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NORMAL NAIL APPARATUS

  • The nail apparatus is made up of:

    • Nail plate, proximal and lateral nail folds, nail matrix, nail bed, and hyponychium.

COMPONENTS OF THE NORMAL NAIL APPARATUS

(see Fig. 32-1)

FIGURE 32-1

Schematic drawing of normal nail.

LOCAL DISORDERS OF NAIL APPARATUS

ACUTE PARONYCHIA

BACTERIAL

PARONYCHIA ICD-10: L03.0

  • Nail fold inflammation.

  • Acute: Bacterial

    • Staphylococcus > Streptococcus, Escherichia coli.

    • Often occurs after a minor trauma.

    • Nail fold is erythematous, swollen and warm, can also have visible pus.

    • Treat with incision and drainage, antibiotics (dicloxacillin, cephalexin, clindamycin, trimethoprim/sulfamethoxazole).

  • Chronic: inflammatory (Fig. 32-2)

    • Associated with damage to the cuticle, mechanical or chemical.

    • Candida, trauma, wet exposure, medications (targeted chemotherapy, retinoids, indinavir).

    • Nail fold is erythematous, sometimes scaly and sensitive, with mild swelling and an absent hyponychium (cuticle).

    • Treat by avoiding irritants, manipulation and excessive water exposure. Topical and/or intralesional steroids, consider topical antifungal if suspected infection.

FIGURE 32-2

Chronic paronychia The distal fingers and periungual skin are red and scaling. The cuticle is absent; a pocket is present, formed as the proximal nail folds separate from the nail plate. The nail plates show trachonychia (rough surface with longitudinal ridging) and onychauxis (apparent nail plate thickening caused by subungual hyperkeratosis of nail bed). The underlying problem is psoriasis. Candida albicans or Staphylococcus aureus can cause space infection in the “pocket” with intermittent erythema and tenderness of the nail fold.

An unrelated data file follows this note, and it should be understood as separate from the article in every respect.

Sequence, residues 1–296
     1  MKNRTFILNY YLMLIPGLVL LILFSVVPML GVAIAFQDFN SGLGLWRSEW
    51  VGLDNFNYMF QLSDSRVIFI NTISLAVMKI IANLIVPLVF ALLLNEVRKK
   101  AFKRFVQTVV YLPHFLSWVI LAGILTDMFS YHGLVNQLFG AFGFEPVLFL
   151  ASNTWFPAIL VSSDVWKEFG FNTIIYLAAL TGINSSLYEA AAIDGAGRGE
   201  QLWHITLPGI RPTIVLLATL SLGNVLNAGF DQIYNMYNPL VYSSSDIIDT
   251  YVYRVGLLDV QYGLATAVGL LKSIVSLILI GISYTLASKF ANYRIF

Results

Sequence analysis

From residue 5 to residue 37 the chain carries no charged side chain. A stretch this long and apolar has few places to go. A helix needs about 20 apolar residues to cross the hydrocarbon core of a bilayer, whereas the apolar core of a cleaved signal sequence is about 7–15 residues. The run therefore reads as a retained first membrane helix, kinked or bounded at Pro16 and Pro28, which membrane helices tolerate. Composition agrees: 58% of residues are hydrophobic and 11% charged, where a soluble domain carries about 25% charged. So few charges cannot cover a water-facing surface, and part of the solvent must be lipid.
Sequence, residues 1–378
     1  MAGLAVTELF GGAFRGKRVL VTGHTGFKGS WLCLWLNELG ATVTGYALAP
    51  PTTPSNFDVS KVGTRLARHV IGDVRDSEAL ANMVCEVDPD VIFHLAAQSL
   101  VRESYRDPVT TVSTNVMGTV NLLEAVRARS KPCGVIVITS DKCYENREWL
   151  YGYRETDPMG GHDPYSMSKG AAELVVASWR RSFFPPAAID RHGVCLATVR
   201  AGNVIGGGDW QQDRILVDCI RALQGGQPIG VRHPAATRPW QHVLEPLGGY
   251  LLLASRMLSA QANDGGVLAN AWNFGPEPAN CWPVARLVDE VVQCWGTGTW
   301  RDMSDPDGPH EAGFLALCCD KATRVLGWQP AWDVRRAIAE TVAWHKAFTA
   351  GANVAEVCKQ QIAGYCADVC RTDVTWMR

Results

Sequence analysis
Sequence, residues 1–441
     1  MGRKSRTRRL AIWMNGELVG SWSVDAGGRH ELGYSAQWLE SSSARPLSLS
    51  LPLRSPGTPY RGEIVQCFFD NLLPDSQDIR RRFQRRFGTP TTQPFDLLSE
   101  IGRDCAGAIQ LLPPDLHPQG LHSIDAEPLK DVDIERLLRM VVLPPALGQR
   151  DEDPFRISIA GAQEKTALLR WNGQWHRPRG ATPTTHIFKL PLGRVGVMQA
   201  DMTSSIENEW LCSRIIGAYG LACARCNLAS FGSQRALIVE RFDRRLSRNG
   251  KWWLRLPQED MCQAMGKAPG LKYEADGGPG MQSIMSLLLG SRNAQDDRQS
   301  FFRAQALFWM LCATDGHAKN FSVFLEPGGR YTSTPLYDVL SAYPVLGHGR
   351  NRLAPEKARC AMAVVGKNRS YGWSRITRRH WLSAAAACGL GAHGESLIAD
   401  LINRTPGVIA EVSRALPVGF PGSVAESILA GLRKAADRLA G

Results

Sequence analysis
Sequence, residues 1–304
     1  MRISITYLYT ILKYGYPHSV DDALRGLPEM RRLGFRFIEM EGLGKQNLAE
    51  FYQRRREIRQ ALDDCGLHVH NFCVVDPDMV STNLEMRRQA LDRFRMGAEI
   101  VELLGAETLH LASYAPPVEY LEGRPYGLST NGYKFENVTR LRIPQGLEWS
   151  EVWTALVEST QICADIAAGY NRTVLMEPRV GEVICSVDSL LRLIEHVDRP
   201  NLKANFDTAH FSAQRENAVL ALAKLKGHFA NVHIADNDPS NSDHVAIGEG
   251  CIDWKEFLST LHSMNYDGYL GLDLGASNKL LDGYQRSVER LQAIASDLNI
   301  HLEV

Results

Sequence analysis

ONYCHOLYSIS ICD-10: L60.1

  • Lifting of the nail plate from the nail bed (Fig. 32-3).

  • Etiology

    • Inflammatory: Psoriasis (Fig. 32-3), contact dermatitis, photodrug reaction (doxycycline, fluoroquinolones, griseofulvin, voriconazole).

    • Infection (Candida).

    • Trauma.

    • Nail bed tumors.

  • Can become secondary infected with P. aeruginosa, causing a brown or greenish discoloration (Fig. 32-4).

  • Management: For inflammatory causes, can treat with topical steroid solution (apply under nail) or intralesional steroids. Can also consider systemic therapies for psoriatic onychloysis. Prescribe antifungals for onycholysis secondary to a yeast infection.

FIGURE 32-3

Onycholysis A 60-year-old female with distal onycholysis of fingernails, mild chronic paronychia, and loss of cuticle. Psoriasis is the likely underlying problem.

FIGURE 32-4

Onycholysis with Pseudomonas colonization (A) Psoriasis has resulted in distal onycholysis of the thumbnail. (B) Infection with Pseudomonas aeruginosa has produced the green-black discoloration of the undersurface of the onycholytic nail.

ONYCHAUXIS AND ONYCHOGRYPHOSIS

  • Onychauxis: Thickening of entire nail plate. Can be seen with trauma, older age, psoriasis, and fungal infection.

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